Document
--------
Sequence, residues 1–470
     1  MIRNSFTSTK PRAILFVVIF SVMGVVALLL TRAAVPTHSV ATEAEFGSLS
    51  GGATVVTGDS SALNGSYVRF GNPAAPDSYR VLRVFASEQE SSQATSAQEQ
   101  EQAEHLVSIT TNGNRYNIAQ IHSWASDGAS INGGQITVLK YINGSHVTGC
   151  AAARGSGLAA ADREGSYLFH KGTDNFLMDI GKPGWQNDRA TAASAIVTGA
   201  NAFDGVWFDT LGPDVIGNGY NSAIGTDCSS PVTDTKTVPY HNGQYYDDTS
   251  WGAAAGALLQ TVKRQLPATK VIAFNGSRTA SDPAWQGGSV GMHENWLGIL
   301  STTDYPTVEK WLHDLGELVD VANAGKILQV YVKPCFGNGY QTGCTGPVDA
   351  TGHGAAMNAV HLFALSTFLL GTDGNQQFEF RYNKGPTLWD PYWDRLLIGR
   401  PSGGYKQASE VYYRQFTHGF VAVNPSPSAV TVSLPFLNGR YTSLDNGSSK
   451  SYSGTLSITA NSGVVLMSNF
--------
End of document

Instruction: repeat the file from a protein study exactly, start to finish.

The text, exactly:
Sequence, residues 1–470
     1  MIRNSFTSTK PRAILFVVIF SVMGVVALLL TRAAVPTHSV ATEAEFGSLS
    51  GGATVVTGDS SALNGSYVRF GNPAAPDSYR VLRVFASEQE SSQATSAQEQ
   101  EQAEHLVSIT TNGNRYNIAQ IHSWASDGAS INGGQITVLK YINGSHVTGC
   151  AAARGSGLAA ADREGSYLFH KGTDNFLMDI GKPGWQNDRA TAASAIVTGA
   201  NAFDGVWFDT LGPDVIGNGY NSAIGTDCSS PVTDTKTVPY HNGQYYDDTS
   251  WGAAAGALLQ TVKRQLPATK VIAFNGSRTA SDPAWQGGSV GMHENWLGIL
   301  STTDYPTVEK WLHDLGELVD VANAGKILQV YVKPCFGNGY QTGCTGPVDA
   351  TGHGAAMNAV HLFALSTFLL GTDGNQQFEF RYNKGPTLWD PYWDRLLIGR
   401  PSGGYKQASE VYYRQFTHGF VAVNPSPSAV TVSLPFLNGR YTSLDNGSSK
   451  SYSGTLSITA NSGVVLMSNF